exchange," bringing you business news tr around the globe. >> now, the eco index in germany is expected to rebound in february. it should be crossing the wire any second now and we'll bring that number to you. ahead of trade, you're looking at the euro/dollar up about 0.2%. it looks as though the february ifo fund index has risen. in fact, it's risen to a level of 107.4, well above the level of 104.7 that was expected. also, depending on the consensus, it was looking for a reading of about 104/105. current conditions index, 110 versus the expectation of 108.5. message here from businesses surveyed by -- in this survey show the expectations the current climate and the general feeling among businesses in germany is on the rebound. so this does jive with what we've seen out of several other surveys, including the zew index, also the pmi numbers, as well. let's get more on what this means. not much reaction across the euro. hans rhettiker, good morning. >> it is a very important number, especially in the context of what happened recently in europe where we had very bad gdp numbers. we had w
between turkey and germany in another book completely different area. >> then, an unusual outing. the chancellor rarely has time on official visits to go to tourist destinations, but this time she made an exception to see the world heritage site in central anatolia. she is all too aware of the sensitive nature of the talks in turkey and she opposes full ec membership, but she has promised to end the talks giving her backing to a new round of negotiations. >> we're now joined on the line by dorian in a stumble. she wants the negotiations on membership to move ahead, but she is skeptical about turkey becoming a full member. >> that's what she said at a press conference as well with the turkish prime minister standing next to her. see says she does want the process to move forward. 22 out of 35 memberships have yet to complete our frozen. the chancellor said she won in one of those chapters to be on a frozen and that would be well below the was a key expectation and from the german chancellor. she did say that turkey needs to do more reforms and she mentioned the question of religio
shootings in one country, zero school shootings in another. that is my point to you. >> how about germany, germany has even stricter laws than australia has, and up until newtown they had two of the three worst public shootings in the world. they had occurred despite these regulations. >> in the last ten years -- >> in the last ten years -- >> how many in the last ten years have been killed by guns in germany? >> germany had both of their shootings in the last ten years. >> and i'll ask you, how many people have been murdered with guns in germany in the last ten years? >> again -- >> you cited germany, do you know the answer to the country you have raised as an example to the proof of your argument. >> you change the question. >> you bring up the thing about school shootings -- -- >> thousand gun murders a year, mr. lott. >> what is the point of having anybody on. here is the deal, you bring up school shootings, i respond to school shootings and then you go on to something else without letting me finish. >> i finally get the answer to the questions i ask you. >> you wouldn't let me finish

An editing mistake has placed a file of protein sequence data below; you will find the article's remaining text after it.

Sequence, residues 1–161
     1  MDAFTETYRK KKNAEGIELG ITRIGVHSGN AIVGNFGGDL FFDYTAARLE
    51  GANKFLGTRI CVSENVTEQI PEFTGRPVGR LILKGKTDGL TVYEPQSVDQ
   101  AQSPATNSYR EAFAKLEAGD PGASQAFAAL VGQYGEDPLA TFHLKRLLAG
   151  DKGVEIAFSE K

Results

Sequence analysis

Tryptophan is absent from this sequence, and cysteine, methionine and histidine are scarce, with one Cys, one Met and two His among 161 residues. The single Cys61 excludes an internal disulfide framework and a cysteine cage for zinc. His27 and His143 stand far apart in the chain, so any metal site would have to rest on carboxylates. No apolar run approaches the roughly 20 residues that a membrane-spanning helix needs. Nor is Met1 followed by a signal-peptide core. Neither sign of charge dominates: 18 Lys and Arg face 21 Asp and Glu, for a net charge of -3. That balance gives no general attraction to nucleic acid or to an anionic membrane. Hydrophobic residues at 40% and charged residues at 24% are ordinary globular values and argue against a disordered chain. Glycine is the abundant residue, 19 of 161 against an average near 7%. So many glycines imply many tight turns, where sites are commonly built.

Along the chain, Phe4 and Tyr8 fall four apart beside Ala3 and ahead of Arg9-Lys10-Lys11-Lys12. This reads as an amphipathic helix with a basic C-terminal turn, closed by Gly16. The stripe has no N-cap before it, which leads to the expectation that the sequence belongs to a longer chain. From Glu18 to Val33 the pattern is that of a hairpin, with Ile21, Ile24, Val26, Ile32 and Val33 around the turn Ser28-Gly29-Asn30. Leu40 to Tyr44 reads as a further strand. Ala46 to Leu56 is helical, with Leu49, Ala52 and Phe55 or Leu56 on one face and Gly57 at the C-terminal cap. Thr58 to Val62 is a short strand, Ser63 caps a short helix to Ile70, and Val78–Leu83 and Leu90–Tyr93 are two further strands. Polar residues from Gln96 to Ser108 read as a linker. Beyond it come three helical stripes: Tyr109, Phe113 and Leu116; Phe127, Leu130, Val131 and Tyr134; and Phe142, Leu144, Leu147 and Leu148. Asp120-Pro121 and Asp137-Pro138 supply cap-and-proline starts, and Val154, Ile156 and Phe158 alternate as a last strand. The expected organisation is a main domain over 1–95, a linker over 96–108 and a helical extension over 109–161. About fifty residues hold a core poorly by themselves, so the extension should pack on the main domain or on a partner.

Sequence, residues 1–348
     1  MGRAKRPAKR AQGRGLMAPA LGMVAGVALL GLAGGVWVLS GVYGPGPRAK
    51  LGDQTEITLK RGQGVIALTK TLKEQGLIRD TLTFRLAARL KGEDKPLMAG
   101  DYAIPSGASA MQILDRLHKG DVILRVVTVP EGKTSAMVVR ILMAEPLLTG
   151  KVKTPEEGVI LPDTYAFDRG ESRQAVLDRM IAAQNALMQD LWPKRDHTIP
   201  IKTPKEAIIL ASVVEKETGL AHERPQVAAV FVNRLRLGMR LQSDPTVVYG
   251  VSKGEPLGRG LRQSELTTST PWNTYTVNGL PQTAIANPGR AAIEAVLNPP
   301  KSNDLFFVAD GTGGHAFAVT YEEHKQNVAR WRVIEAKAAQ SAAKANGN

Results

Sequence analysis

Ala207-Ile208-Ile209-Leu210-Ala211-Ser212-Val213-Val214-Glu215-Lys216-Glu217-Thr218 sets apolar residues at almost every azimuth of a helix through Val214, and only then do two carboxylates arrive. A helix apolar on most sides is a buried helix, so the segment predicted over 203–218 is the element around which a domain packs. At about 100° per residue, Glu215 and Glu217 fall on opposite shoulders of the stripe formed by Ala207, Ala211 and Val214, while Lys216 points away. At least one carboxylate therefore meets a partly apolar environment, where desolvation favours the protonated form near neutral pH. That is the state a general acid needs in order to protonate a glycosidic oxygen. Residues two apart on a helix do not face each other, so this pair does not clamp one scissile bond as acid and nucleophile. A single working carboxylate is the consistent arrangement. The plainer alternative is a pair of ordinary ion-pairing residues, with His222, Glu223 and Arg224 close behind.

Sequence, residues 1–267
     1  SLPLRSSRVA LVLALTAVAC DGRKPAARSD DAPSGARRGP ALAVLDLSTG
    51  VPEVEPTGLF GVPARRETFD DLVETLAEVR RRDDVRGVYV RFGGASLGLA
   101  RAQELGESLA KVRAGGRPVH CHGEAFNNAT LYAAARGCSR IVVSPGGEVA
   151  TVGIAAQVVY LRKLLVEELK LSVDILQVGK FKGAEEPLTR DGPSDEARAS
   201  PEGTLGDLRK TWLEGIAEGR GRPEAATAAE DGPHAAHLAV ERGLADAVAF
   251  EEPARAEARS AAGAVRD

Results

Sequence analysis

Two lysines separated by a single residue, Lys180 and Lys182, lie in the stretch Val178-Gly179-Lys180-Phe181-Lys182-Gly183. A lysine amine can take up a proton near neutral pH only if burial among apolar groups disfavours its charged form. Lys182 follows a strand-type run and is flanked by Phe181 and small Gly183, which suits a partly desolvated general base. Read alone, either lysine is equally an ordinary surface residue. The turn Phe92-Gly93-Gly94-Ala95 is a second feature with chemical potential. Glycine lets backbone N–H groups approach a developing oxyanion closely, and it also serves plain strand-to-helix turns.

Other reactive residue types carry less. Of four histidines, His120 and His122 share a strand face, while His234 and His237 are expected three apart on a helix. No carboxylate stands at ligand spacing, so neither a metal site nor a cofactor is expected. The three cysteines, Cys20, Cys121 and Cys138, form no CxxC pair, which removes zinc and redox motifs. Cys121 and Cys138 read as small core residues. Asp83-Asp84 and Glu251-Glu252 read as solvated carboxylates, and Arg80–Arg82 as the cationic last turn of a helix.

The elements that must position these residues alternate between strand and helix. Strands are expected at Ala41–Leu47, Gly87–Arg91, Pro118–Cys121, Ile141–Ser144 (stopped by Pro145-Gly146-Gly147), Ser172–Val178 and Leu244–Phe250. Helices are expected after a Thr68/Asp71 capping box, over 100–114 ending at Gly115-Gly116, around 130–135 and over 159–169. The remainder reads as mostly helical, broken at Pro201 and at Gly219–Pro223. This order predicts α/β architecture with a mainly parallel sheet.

to china or germany because we will refuse the same commitment here . [ male announcer ] i've seen incredib things. otherworldly things. but there are some things i've never seen before. this ge jet engine can understand 5,000 data samples per second. which is good for business. because planes use less fuel, spend less time on the ground and more time in the air. suddenly, faraway places don't seem so...far away. ♪ >> hello eeveryone. i am uma from washington. they're expected to hold a news conference and update on the hostage drama that continue to play out . huge kidnapper -- the accused kidnapper and five year old is r five-days. >> and talks will only happen in iran is it serious about them. he made conference in germany. >>> and back in this country. there is it leads of a prosecutor who was kill would on thursday morning what would president reagoon say about the current immigration debate. see you then. >> paid by you and me the taxpayers. new york city teacher is about to earn a million buckings for doing nothing. he was booted out of the classroom over allegations of sexually ha
world war, a war that was started by germany. >> on february 13, 1945, britain's royal air force targeted dresden. with help from american bombers, the devastated the city, killing 25,000 people in just hours. much of the downtown area was destroyed along with industrial and military infrastructure. bombs were dropped indiscriminately and nearly everywhere to inflict maximum damage. copper bombing, a horrendous tactic now prohibited by the geneva convention. at a demonstration in the city center, thousands warned against forgetting about germany's nazi past which provoked the horrors of dresden, so the locals by locking arms to keep neo-nazis out of the memorial services. the city is morning in a loss of innocent german citizens, not the downfall of the third reich. >> ash wednesday is also a holiday for political junkies here in germany. every year, politicians use the occasion to fire up their base. in bavaria, the csu leader try to galvanize support ahead of this year's elections, criticizing peer steinbrueck 4 racking up billions in debt during his time as finance minister. s
Search Results 0 to 49 of about 1,150 (some duplicates have been removed)